What is it?
This is the cheapest and most frugal Alfa Mito diesel. It’s powered by a Fiat-sourced 1.3-litre turbodiesel that’s used to good effect in the Punto and Vauxhall Corsa.
This version is priced extremely competitively and like the rest of the range is impressively equipped, especially when compared with similarly priced Minis.
The great looks, inside and out, are also part of the package of course. No wonder the smallest Alfa has been such a big hit for the brand.
What’s it like?
No doubt that the 90bhp common rail motor is a seriously good unit.
It’s smooth, free-revving and punches through the mid-range harder than you’d expect, even with 148lb ft of torque. There’s the possibility of 62.8mpg too and, crucially, CO2 emissions come below 120g/km.
It’s fun to drive too. It turns in sharply, clings on gamely and doesn’t mind being hustled through bends, while feeling surefooted and stable at high speeds too.
Yet the Mito is seemingly inept at smothering road scars.
It’s constantly fidgeting and so unsettling its occupants whichever one of the three settings of the DNA electronic damper controls you’re in.
At least you’re sitting in great surroundings. The Mito’s driving position is spot on and there’s plenty of space, front and back. It’s also well laid out and uncommonly well made for a low-priced Italian.
Should I buy one?
No doubt the Mito diesel makes a great case for itself in the showroom.
By just about any measure it makes a good buy, being both cheap to buy and cheap to run. That said, make sure that you can live with the ride.
Until Alfa engineers manage to make it work properly in the UK it’s little better than average. Which is a shame for a car that’s got so many other things going for it.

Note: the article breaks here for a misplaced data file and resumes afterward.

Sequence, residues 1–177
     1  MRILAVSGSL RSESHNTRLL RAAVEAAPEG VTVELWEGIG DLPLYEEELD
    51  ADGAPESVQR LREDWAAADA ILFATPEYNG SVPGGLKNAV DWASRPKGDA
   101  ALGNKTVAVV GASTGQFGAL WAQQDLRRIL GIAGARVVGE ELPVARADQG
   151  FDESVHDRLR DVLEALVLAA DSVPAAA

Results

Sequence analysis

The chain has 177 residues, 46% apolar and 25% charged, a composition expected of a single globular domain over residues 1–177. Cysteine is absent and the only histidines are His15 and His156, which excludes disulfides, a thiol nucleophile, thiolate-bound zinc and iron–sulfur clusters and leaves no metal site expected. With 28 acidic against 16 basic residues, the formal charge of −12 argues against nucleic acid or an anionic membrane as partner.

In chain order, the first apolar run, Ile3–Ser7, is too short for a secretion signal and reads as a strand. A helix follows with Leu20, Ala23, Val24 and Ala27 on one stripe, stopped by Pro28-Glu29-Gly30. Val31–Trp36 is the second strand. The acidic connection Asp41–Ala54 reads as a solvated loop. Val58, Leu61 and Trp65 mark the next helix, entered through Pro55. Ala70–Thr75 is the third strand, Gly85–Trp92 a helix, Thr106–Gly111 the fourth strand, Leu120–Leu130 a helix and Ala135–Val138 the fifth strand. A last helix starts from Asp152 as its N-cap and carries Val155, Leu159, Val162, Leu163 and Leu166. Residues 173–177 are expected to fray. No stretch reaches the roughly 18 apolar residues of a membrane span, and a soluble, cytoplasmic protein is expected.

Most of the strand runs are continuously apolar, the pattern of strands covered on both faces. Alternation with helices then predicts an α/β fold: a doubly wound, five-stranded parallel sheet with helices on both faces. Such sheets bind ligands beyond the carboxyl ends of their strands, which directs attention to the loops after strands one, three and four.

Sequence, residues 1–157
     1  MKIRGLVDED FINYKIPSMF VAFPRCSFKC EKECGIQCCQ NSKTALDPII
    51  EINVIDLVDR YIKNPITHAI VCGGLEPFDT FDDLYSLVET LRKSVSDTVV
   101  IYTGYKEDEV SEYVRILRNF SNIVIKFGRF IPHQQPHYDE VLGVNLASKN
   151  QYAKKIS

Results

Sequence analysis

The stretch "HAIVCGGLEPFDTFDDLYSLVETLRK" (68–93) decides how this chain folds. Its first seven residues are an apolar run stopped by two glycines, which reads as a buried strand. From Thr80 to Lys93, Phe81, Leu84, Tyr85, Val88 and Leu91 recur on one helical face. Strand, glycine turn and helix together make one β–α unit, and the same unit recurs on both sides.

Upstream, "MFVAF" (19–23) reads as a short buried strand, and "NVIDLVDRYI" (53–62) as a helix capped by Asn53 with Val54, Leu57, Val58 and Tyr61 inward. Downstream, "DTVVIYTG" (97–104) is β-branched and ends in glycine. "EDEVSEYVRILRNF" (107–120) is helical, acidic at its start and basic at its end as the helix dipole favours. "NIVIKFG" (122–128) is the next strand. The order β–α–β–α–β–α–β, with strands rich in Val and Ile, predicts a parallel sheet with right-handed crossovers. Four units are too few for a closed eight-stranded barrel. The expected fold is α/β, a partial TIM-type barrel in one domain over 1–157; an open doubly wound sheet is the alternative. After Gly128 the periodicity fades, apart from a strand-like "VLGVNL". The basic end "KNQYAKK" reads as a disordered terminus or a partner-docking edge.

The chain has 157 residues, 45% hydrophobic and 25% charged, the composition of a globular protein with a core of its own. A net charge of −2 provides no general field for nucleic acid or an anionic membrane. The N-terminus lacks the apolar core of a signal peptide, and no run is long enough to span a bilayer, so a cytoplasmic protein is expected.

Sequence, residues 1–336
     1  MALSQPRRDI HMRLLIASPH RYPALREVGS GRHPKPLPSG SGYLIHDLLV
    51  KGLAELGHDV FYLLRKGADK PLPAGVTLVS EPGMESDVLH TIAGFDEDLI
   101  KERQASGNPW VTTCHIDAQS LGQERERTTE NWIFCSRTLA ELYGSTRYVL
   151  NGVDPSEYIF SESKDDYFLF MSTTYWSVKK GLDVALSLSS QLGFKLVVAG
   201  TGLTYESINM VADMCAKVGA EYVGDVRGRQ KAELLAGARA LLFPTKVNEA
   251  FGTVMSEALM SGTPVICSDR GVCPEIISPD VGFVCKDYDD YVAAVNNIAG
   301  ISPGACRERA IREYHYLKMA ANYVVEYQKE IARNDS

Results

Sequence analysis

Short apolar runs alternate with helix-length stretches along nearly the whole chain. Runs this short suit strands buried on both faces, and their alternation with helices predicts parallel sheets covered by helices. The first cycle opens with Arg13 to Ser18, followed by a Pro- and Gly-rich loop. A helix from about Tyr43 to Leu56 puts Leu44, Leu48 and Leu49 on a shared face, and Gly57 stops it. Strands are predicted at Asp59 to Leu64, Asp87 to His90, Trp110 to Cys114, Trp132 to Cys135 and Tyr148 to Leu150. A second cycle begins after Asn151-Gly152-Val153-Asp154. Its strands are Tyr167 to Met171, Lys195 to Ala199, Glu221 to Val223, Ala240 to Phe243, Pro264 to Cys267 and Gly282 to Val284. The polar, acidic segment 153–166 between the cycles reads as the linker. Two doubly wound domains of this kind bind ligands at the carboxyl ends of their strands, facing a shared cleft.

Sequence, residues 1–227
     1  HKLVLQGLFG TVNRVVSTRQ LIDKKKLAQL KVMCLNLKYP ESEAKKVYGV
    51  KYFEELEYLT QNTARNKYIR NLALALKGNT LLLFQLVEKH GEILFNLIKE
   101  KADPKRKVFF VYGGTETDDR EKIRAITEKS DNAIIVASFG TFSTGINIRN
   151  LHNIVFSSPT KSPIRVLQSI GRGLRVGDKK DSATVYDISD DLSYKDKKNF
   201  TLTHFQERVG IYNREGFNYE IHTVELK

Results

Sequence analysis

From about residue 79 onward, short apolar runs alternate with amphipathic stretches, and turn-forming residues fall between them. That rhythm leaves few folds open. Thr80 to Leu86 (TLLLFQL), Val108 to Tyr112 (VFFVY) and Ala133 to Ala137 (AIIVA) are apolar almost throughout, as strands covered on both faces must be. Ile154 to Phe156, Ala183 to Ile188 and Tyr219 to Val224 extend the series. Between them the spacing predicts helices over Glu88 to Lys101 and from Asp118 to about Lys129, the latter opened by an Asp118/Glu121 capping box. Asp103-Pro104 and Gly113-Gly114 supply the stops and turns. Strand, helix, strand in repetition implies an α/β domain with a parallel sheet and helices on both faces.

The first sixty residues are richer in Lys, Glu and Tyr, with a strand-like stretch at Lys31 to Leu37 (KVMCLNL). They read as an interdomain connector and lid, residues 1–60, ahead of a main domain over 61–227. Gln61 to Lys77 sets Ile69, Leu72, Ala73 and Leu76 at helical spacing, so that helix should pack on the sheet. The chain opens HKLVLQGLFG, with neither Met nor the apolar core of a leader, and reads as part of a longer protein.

Chas Hallett
What is it?
This is the cheapest and most frugal Alfa Mito diesel. It’s powered by a Fiat-sourced 1.3-litre turbodiesel that’s used to good effect in the Punto and Vauxhall Corsa.
This version is priced extremely competitively and like the rest of the range is impressively equipped, especially when compared with similarly priced Minis.
The great looks, inside and out, are also part of the package of course. No wonder the smallest Alfa has been such a big hit for the brand.
What’s it like?
No doubt that the 90bhp common rail motor is a seriously good unit.
It’s smooth, free-revving and punches through the mid-range harder than you’d expect, even with 148lb ft of torque. There’s the possibility of 62.8mpg too and, crucially, CO2 emissions come below 120g/km.
It’s fun to drive too. It turns in sharply, clings on gamely and doesn’t mind being hustled through bends, while feeling surefooted and stable at high speeds too.
Yet the Mito is seemingly inept at smothering road scars.
It’s constantly fidgeting and so unsettling its occupants whichever one of the three settings of the DNA electronic damper controls you’re in.
At least you’re sitting in great surroundings. The Mito’s driving position is spot on and there’s plenty of space, front and back. It’s also well laid out and uncommonly well made for a low-priced Italian.
Should I buy one?
No doubt the Mito diesel makes a great case for itself in the showroom.
By just about any measure it makes a good buy, being both cheap to buy and cheap to run. That said, make sure that you can live with the ride.
Until Alfa engineers manage to make it work properly in the UK it’s little better than average. Which is a shame for a car that’s got so many other things going for it.
Chas Hallett

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